When it comes to pharmaceutical manufacturing, innovation is nearly synonymous with the collective research and development (R&D) effort put out by the industry. That’s innovation writ large, a strategic imperative that has been driving drug development, especially in the decades following the Second World War.
There’s more than one industry observer remarking that innovation just ain’t what it used to be; costs have risen and innovation is stagnating. With the price tag for introducing a successful therapy reaching north of $1 billion and only 30-some new drugs approved by the Food and Drug Administration in 2012, innovation is coming at a higher premium and its progeny not delivering the spectacular returns of just a few years ago. Andrew Jack, corresponding for the Financial Times opines that Pharma innovation is in crisis and posits that Pharma has become a victim of its own success. “To some, the crisis in innovation is the result of the end of a period of ‘low hanging fruit.’ According to that view, the easier work was completed in the latter part of the 20th century, with the discovery of simpler molecules to tackle well-understood diseases,” says Jack.
Perhaps that’s true, but the patent cliff, along with increasing regulatory scrutiny, supply chain complexity and harsh market and competitive forces have also impinged on the ability of drug innovation to deliver the stunning returns of yesteryear.
Perhaps innovation in Pharma’s classical sense has waned and its returns not so “easy” to come by, but in the 10 or so years since the FDA introduced the concept of GMP, innovation is taking on a new meaning and its context is not drug development per se, but productivity improvement. Andrew Gonce of McKinsey & Company covers this supposition thoroughly in “The Other Path to Productivity Improvement” appearing in this issue. Gonce offers one forehead-banging statistic that reveals quite a bit: “Between 1987 and 2008, for example, labor productivity in the U.S. pharma industry rose by 0.7%, the lowest of any industry and less than a third of the average productivity increase across all industries.” The path for the industry to a better bottom line seems clear, rather than relying primarily on R&D investment to drive financial health and profitability, it’s time we invest in productivity improvements, leveraging partners and global assets while integrating world-class methods and process technologies to generate competitive advantage and deliver therapies that serve Pharma’s overarching mission: Saving lives.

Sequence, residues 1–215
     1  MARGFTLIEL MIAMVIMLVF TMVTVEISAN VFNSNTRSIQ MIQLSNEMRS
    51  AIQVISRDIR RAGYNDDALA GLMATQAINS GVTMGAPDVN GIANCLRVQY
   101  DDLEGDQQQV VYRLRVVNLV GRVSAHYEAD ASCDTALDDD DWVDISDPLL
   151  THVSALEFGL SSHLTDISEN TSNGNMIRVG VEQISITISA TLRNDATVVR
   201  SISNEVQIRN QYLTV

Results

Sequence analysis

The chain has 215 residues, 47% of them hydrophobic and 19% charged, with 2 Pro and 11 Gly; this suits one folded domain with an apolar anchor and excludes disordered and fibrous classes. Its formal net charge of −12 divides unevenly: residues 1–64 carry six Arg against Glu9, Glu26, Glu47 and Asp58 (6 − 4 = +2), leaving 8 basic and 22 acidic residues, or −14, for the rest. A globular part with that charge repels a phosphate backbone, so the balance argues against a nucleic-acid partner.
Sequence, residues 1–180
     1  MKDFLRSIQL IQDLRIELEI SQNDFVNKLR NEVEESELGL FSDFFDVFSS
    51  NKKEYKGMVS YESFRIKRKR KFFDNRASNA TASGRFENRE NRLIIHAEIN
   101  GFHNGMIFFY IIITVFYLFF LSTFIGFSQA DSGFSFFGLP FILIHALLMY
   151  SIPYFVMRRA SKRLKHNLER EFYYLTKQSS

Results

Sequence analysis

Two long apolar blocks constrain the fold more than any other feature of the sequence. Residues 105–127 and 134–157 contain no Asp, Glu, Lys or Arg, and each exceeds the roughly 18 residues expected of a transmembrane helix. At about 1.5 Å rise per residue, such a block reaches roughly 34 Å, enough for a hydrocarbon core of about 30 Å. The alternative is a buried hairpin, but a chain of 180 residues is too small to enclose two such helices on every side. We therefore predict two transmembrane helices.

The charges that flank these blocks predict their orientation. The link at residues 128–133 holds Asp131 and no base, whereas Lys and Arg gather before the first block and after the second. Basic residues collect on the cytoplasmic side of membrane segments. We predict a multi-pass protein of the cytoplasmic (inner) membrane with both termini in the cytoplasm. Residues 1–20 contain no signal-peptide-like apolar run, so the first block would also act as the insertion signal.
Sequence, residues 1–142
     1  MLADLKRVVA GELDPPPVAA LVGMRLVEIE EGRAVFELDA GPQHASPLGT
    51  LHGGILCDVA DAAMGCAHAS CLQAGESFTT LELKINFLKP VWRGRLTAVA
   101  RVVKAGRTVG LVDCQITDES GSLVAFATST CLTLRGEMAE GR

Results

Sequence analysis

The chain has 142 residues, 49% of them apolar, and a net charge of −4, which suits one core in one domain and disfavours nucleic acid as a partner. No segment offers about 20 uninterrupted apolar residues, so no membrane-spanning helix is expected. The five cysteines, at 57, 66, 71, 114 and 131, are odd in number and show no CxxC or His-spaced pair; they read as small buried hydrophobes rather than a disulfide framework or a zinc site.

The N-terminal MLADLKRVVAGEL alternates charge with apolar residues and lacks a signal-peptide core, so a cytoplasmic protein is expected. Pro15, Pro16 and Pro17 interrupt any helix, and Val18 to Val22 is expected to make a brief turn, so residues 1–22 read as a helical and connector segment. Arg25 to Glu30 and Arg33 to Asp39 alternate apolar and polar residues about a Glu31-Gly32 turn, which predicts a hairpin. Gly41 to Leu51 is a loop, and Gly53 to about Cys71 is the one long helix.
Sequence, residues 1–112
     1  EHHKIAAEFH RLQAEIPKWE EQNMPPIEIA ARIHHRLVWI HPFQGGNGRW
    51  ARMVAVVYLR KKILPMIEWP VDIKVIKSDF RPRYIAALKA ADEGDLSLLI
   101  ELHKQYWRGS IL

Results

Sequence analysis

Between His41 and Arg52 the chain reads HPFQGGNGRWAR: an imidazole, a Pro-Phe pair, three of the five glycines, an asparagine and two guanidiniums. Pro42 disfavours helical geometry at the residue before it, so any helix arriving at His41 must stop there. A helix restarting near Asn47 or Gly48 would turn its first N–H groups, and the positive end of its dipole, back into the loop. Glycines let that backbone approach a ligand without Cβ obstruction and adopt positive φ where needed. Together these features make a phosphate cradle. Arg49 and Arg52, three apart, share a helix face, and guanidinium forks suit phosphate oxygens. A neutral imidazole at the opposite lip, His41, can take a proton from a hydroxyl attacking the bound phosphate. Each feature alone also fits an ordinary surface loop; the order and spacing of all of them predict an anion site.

Enter the Innovators
If the Pharma industry is the “Big Show,” its All-Stars are the innovators, technologies, knowledge leaders, enterprises, technocrats, consultants, financiers, strategists, academicians and many others, who are literally fighting every day to bring new vitality and strength to the industry, starting with the process and manufacturing continuum. McKinsey believes injecting the potential of state-of-the-art manufacturing technologies can trim drug production costs by as much as 50%. I recommend you take a few minutes and scan PhM’s cover story “All-Star Innovators 2013,” which covers standout systems and technologies this publication’s editors, readers and contributors found have the potential to deliver both dramatic and incremental gains in productivity.
Ultimately, innovation in the manufacturing space will win the day, and some companies will pursue this with vigor, investing blood (figuratively) and treasure (literally) to be successful. But behind that movement will be another class of innovators — those folks who, through pluck, talent and hard work are introducing change within their reluctant, risk-adverse organizations. The methods, the technologies and the know-how to implement world class productivity gains are available, but the will to institutionalize them in the near term is not so well-established. Those who foster the change and nurture the adoption and integration of these advancements will be the agents of change, the true All-Star Innovators.